~Duplicating Within Your Budget

 If you plan to produce, market, and sell your own

CDs, you have the need for high quality CD

duplication.  If you have the need for great

quality and great prices, you should thing about

things before you turn to one company to do all

of the duplicating for you.  

No matter what you use it for, CD duplication is

an expense that shouldn't take over your budget

at all.  Below, you'll find several tips on how

to keep duplication within your budget.

1.  Shop with comparison

All companies out there need to able to find the

company that is going to give them the best possible

price.  If you have access to the internet, you 

can do this online.  Look from one company to 

another until you find the best price that fits

your budget.

2.  Keep within your budget

Although this is easier said than done, it's 

very important to find a company that can work

within your budget or you'll need to get a bigger

budget.  Even though you may not realize it now,

doing these types of things on credit can hurt

you later on down the road.

3.  Quality

If your music or other CDs mean a lot to you,

then you should put them in the hands of a reliable

duplicator - and never skimp on quality.  Always

make sure you a guarantee of the quality of their

work as well, to protect yourself.

CD duplication is a must have for the movie and

music business.  There's no doubt that you need

this type of service, although you should take the

time to find the best company for the job.  When

it comes to developing your product - you'll

want to have only the best.

Duplication 101

If you've been shopping for blank CDs or blank DVDs
recently, you may have found yourself a bit 
confused by all of the choices - CD-R, CD-RW, 
DVD+R, DVD-R, DVD-RW, and DVD+RW.  Trying to 
figure out the abbreviations between them can be 
a bit mind racking indeed.

To make matters worse for those who aren't up on
the lastest marvels of technology is the rate at
which the industry of technology is evolving.  
Just when you think you've caught on to the 
concepts of MP3s and burning CD and DVD media, 
new twists on blank media hits the market and 
you found yourself confused more than you were to
start with.

The "R" found in CD-R and DVD+/-R media stands for
recordable.  It will tell consumers that these 
disks are blank recordable media.  You can record
movies, data, music, and photos on the disc, but
the discs cannot be erased.

The "RW" on CD-RW and DVD+/-RW media stands for
rewritable.  This lets you know that media with 
RW on them can be recorded and erased several 
times.  Even though the prices for blank CD and 
DVD media is inexpensive, you can expect to pay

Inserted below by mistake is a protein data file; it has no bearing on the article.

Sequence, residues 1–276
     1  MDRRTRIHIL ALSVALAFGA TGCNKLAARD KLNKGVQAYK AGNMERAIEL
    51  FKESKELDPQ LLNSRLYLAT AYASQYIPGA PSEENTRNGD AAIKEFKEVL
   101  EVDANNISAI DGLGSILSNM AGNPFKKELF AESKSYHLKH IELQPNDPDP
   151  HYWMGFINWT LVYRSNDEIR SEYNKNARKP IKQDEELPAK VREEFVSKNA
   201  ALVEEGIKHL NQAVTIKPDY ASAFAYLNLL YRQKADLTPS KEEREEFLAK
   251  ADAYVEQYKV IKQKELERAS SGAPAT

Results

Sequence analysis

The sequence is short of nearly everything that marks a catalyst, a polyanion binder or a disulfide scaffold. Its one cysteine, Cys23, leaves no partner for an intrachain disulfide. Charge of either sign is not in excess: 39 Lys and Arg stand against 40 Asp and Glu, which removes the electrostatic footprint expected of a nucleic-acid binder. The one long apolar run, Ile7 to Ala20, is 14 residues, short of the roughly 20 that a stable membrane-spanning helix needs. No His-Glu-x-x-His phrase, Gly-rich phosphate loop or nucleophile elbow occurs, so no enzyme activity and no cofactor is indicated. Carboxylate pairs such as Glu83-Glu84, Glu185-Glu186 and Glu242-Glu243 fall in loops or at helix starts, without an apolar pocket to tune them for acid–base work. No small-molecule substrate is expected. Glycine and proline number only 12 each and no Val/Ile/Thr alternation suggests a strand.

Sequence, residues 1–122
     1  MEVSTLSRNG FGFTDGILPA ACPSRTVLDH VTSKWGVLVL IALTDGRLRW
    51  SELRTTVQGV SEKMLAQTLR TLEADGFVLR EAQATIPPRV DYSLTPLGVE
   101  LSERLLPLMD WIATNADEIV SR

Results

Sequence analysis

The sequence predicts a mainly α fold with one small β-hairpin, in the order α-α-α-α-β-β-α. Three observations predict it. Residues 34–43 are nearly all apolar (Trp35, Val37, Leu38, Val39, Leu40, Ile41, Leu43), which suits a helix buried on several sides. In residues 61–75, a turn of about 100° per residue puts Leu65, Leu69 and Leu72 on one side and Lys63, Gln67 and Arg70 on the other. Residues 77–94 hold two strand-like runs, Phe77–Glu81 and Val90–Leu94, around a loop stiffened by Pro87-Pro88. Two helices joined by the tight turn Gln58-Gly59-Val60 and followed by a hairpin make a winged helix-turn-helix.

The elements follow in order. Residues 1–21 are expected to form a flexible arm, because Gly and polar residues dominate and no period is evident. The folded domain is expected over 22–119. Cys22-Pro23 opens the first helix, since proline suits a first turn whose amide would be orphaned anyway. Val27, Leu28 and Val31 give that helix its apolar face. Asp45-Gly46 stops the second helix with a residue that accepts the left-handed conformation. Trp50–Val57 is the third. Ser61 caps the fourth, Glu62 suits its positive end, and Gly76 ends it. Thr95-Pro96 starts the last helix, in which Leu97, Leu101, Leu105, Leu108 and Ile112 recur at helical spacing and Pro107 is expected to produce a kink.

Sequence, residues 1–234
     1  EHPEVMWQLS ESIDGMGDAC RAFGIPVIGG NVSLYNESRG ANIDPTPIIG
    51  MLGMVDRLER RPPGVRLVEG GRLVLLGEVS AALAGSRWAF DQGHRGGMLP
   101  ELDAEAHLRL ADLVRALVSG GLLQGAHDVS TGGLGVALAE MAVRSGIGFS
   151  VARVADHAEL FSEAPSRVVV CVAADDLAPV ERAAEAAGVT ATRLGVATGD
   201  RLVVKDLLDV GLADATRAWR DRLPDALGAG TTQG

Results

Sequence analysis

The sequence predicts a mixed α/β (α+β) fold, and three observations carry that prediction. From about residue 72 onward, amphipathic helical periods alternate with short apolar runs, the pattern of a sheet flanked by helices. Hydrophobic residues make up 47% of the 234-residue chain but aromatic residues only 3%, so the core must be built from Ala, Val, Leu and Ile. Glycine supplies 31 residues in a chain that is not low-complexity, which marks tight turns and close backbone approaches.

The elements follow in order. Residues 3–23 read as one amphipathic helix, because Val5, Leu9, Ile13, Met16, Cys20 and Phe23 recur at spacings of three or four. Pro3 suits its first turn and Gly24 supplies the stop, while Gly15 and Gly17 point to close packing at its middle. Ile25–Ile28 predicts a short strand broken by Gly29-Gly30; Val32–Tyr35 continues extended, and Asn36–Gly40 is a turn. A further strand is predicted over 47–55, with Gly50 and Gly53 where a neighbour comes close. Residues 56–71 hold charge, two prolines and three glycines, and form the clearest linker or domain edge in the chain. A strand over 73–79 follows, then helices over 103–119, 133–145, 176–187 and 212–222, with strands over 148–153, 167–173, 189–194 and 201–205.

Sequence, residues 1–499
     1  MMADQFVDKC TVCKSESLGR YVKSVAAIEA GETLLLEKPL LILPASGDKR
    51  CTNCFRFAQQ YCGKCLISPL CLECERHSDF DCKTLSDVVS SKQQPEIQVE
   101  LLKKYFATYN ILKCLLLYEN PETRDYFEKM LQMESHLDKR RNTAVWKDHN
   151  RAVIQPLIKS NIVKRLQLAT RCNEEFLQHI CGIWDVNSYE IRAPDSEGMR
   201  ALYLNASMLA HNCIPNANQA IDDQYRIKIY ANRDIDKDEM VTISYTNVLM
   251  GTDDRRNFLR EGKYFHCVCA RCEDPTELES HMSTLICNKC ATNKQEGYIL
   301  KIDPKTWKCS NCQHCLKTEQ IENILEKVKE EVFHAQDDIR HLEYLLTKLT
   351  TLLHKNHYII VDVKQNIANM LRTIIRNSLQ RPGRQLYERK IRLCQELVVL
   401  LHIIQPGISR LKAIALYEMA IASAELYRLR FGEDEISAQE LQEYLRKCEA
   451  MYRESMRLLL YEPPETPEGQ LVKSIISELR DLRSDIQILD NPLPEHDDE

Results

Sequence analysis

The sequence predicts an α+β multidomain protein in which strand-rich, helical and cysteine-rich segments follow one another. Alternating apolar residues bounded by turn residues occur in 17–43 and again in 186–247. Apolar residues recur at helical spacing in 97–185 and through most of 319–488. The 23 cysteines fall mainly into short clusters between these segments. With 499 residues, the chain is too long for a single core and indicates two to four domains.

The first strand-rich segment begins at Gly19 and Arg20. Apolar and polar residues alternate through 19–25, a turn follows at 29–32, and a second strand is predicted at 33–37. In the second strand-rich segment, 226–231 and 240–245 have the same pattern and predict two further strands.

a bit more for RW type media.

The biggest source of confusion stems from DVD-R
and DVD-RW and how they are different from DVD+R
and DVD+RW media.  In order to avoid a long 
technical speech on the differences, you simply
need to know that each DVD types can record
movies just like the next type.

DVD+R and DVD+RW are a newer more expensive 
technology that offers a few technical advantages
over DVD-R and DVD-RW.  None the less, DVD-R has
greater compatibility with more DVD players than
any other format of blank DVDs.

If you have a newer DVD player or if you use your
computer to play back media, you should have no
problems with DVD+R/DVD+RW media.  Some say that
they provide a better range of quality, although
the quality is indeed similar.

Keep in mind that all recordable CD and DVD media
do the same thing regardless of their particular
brand or extension.  Because there is not an 
industry standard that involves DVD technology,
not every DVD player is compatible with each and
every format you see on retail store shelves.

For this very reason, you should always check with
DVD player manual to see which type of recordable
media it will play back.  This way, you'll know
what to buy the next time you go shopping for
blank CD or DVD media.

Essentials Of CDR

The simple rule of thumb is that whatever you have
stored as a file on any other storage medium can
also be stored as a file on a CD-ROM.  To the 
recorder, a file is a file, and an ISO doesn't
care whether or not the file contains pictures, text,
or even audio sound.  

There are a few special cases, as to where you 
would want to record a file to a CD in a special 
type of format.  The most obvious here is CD-DA
audio.  If you wanted to record an audio file to
a CD so that you could play it back on your home
stereo, you would need to write a CD-DA (or Digital
Audio) disk.

When you copy data to a CD, you need to ensure that
your data doesn't exceed the capacity of the CD
that you will be recording to.  Due to the audio
requirements of CDs, the amount of information a
CD can hold is measured in minutes/seconds/sectors.
Each second can contain 75 sectors, each of which
are capable of holding 2,048 bytes of Mode 1 user

By using the CD Size command in the edit menu, you
can set the capacity of the set you wish to 
produce, which will help you to prevent exceeding
it.  The status bar will show you how much space
you have used, how much remains free, and the
percentage of each one.

Even though this may sound a bit confusing at 
first, keep in mind that it may take some time if
you are new to computers.  Even though copying a
CD is quite easy, knowing the limits and how things
work is a bit more complex.  Give it some time,
and you'll be copying files to CD like the pros
do it.

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